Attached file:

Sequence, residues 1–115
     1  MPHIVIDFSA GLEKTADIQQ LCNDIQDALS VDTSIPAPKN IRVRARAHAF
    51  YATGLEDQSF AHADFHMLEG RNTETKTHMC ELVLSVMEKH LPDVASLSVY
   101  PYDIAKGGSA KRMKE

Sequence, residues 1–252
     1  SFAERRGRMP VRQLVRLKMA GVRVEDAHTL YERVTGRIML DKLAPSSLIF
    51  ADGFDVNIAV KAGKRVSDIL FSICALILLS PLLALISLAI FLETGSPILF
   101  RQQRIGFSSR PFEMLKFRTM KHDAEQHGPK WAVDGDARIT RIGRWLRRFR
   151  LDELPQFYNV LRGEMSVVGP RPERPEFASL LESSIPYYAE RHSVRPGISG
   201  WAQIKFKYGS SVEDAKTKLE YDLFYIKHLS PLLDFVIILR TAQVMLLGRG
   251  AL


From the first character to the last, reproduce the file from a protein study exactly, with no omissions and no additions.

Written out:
Sequence, residues 1–115
     1  MPHIVIDFSA GLEKTADIQQ LCNDIQDALS VDTSIPAPKN IRVRARAHAF
    51  YATGLEDQSF AHADFHMLEG RNTETKTHMC ELVLSVMEKH LPDVASLSVY
   101  PYDIAKGGSA KRMKE

Sequence, residues 1–252
     1  SFAERRGRMP VRQLVRLKMA GVRVEDAHTL YERVTGRIML DKLAPSSLIF
    51  ADGFDVNIAV KAGKRVSDIL FSICALILLS PLLALISLAI FLETGSPILF
   101  RQQRIGFSSR PFEMLKFRTM KHDAEQHGPK WAVDGDARIT RIGRWLRRFR
   151  LDELPQFYNV LRGEMSVVGP RPERPEFASL LESSIPYYAE RHSVRPGISG
   201  WAQIKFKYGS SVEDAKTKLE YDLFYIKHLS PLLDFVIILR TAQVMLLGRG
   251  AL